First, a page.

While these thoughts are especially prevalent now, I have noticed that these have been stirring in my mind well before a virus knowingly existed, or a pandemic was on the horizon. I have had the privilege and honor of serving as the President of two student organizations this past school year, and I am constantly worried as to whether I am doing enough to support their members, our initiatives, and our advocacy. I try to balance this work while doing my best to fulfill my job requirements as a research assistant, succeed academically, and complete job applications for employment post-graduation (please hire me!!!). I try to be an emotional support for my family and friends. I maintain my exercise routine. My plate has many pancakes on it, but I still feel as though I am not doing enough. I could be sleeping less or have responded to that email within a few hours rather than a couple days. I could be calling and texting more people, and ensuring that those within my immediate surroundings are doing well on a more frequent basis.

While all of this is heavy, I still want every single person to be happy with my work. I want every single person to come to me and I want to be able to carry their weight. I always feel as though I have to focus on saving the world and I think this stems from my intense need to solve problems, whether my own or someone else’s, immediately and constantly. I need to fix things. I need to fix people. Often times, I am too proactive for my own good; I am always thinking five steps ahead of everyone else because I want to be able to catch my mistakes before they take shape. I want everyone to be included. Every task has to be perfect and whole. Due to this, I have a pain in my heart that I am unable to place. I feel a sense of emptiness, and I do not know how to fill it.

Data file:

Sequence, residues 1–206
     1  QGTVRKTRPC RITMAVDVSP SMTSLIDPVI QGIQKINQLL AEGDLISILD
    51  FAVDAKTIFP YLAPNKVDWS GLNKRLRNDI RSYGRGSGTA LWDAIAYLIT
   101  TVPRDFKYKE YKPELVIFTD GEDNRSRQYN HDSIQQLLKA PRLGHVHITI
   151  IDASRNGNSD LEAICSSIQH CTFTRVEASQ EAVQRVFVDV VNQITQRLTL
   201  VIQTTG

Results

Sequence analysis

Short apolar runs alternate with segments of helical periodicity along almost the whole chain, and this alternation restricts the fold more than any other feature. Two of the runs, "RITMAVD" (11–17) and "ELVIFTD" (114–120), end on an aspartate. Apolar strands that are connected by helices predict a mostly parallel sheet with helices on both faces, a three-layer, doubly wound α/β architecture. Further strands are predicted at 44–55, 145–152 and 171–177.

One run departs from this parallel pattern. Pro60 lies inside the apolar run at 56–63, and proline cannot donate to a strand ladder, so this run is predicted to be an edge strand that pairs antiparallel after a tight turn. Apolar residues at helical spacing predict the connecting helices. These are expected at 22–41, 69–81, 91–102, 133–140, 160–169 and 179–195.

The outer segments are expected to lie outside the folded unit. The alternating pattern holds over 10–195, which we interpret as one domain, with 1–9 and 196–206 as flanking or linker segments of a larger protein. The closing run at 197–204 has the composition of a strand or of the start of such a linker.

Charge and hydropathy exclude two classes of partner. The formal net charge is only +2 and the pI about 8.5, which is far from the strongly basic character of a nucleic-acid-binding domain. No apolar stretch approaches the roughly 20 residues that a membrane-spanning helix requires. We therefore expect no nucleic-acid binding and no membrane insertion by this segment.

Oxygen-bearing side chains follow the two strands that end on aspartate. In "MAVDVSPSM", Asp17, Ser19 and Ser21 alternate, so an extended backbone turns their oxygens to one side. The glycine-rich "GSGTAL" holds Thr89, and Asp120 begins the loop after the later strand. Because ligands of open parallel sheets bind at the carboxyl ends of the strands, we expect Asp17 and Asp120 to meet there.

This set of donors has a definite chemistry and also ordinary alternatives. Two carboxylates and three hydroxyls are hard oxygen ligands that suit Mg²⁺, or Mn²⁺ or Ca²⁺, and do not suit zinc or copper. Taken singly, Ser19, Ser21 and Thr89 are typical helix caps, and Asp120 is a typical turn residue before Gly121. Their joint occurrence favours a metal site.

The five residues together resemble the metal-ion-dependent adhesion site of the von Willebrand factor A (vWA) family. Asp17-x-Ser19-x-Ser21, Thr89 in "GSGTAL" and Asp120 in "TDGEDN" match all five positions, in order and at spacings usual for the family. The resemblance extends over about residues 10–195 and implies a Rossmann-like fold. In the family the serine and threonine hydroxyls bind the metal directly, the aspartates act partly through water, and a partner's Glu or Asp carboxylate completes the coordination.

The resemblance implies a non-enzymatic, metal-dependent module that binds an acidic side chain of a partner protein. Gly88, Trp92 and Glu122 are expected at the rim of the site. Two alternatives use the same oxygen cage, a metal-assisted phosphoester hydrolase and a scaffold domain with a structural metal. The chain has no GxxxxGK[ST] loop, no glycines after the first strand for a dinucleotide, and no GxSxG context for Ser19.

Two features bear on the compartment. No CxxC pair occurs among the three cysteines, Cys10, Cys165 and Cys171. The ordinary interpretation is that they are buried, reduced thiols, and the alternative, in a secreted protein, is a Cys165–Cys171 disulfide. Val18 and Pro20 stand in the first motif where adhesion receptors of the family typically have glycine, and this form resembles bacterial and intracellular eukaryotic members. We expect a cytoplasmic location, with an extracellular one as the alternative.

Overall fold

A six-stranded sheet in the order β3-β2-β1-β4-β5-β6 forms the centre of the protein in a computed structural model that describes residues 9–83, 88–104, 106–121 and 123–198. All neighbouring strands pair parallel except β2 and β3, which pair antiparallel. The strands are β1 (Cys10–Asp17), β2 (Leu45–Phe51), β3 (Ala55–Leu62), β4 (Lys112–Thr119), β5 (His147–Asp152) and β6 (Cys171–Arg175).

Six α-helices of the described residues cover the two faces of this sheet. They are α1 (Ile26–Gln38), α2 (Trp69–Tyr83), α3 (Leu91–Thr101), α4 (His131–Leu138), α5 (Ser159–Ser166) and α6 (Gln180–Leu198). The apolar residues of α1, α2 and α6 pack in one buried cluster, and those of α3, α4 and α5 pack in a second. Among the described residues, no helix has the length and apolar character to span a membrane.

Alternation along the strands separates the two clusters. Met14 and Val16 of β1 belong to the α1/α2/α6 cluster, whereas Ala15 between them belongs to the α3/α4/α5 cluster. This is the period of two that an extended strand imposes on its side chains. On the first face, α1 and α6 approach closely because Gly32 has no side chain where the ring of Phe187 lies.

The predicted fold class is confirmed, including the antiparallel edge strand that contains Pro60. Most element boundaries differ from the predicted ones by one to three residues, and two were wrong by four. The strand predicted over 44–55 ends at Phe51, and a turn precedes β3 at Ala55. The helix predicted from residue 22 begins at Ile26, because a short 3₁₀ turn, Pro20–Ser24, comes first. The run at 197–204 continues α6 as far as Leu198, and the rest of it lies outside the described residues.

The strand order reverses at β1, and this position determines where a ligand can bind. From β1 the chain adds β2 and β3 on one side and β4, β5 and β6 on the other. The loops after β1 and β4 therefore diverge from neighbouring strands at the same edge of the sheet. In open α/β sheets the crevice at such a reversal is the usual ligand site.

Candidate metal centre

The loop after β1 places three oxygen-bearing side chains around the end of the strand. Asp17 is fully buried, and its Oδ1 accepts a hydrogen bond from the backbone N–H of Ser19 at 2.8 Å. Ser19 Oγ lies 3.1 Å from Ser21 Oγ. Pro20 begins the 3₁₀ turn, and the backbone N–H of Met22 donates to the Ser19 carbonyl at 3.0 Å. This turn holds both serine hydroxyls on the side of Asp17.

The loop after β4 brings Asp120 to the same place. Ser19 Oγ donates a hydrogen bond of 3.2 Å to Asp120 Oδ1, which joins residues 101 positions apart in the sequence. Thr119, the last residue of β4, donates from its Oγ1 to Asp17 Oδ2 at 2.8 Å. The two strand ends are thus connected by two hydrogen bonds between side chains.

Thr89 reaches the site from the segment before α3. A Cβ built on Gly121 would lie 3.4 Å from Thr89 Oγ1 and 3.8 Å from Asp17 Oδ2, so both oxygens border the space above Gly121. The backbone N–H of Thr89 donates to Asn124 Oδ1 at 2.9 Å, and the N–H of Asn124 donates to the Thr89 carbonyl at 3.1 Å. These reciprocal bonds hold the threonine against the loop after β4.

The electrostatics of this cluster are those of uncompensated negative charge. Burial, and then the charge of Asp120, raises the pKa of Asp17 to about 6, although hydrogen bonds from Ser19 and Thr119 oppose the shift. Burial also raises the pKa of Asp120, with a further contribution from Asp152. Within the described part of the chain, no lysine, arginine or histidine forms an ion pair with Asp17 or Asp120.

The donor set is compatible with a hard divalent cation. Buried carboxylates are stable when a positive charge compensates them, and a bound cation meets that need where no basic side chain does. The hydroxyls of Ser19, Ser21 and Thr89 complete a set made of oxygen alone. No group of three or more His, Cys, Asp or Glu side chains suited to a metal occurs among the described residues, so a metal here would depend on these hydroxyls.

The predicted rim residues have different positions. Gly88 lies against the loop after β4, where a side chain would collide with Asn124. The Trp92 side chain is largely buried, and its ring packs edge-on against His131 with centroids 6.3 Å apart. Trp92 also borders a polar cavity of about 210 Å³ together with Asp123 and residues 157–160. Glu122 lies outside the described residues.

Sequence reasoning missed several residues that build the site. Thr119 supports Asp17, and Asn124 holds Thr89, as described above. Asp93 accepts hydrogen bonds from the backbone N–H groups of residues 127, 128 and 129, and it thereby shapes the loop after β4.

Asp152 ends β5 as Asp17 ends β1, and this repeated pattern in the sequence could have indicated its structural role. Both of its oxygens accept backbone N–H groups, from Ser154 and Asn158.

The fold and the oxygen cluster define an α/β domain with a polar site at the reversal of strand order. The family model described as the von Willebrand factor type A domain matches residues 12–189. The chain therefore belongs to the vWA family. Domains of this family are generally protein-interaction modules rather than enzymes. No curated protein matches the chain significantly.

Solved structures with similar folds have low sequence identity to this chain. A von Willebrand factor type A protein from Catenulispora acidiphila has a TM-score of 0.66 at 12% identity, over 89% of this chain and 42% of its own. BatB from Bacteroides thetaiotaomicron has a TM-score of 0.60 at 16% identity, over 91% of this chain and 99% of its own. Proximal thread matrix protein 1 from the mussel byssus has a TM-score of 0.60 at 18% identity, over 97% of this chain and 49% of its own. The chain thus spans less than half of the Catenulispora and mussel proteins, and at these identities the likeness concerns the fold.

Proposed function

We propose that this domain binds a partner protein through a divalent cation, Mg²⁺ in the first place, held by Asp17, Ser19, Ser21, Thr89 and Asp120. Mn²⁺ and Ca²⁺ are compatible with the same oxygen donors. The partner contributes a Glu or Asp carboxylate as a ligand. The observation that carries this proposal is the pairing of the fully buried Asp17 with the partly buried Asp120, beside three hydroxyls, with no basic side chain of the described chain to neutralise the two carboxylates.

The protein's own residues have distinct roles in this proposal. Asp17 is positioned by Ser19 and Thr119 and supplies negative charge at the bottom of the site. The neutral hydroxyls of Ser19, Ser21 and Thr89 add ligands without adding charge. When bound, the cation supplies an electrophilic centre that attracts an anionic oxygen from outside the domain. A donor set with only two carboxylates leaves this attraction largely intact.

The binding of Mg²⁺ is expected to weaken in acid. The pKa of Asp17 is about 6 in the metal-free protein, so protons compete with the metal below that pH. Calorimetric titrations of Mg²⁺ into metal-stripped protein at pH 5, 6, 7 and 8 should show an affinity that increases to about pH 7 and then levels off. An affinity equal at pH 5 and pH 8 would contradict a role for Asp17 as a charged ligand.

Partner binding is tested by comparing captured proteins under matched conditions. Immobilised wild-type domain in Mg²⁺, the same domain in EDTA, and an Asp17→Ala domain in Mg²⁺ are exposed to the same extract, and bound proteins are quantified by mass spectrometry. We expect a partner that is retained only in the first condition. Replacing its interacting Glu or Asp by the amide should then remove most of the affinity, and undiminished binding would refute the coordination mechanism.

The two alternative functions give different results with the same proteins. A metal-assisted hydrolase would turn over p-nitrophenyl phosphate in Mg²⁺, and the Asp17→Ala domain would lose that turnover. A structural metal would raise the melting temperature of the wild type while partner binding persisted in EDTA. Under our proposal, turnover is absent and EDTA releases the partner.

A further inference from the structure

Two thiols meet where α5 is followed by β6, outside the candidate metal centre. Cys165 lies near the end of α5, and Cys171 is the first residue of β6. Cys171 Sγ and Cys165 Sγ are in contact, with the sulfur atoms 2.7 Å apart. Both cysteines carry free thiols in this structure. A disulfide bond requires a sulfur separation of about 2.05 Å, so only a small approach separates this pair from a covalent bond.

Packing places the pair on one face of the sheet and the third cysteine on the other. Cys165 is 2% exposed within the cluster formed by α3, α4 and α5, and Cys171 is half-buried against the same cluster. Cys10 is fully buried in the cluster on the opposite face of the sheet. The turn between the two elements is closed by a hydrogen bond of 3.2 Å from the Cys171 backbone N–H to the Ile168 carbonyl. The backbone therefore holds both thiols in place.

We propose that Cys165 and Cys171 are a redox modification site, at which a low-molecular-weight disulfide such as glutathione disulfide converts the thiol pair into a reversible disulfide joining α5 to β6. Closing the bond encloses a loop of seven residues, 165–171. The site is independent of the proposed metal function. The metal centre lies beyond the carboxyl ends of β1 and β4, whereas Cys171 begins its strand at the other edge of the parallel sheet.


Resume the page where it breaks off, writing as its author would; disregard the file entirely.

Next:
One day, I was speaking to my friend about how I was afraid that someone was going to hurt me (emotionally), and she told me that she thinks the person who is hurting me the most right now is myself. I have thought a lot about this since then, and I know that she is right. I am very harsh with myself, and I feel as though I am constantly angry at myself for simply smiling, or being happy, or scheduling time for myself rather than using those few hours to pour my soul into others.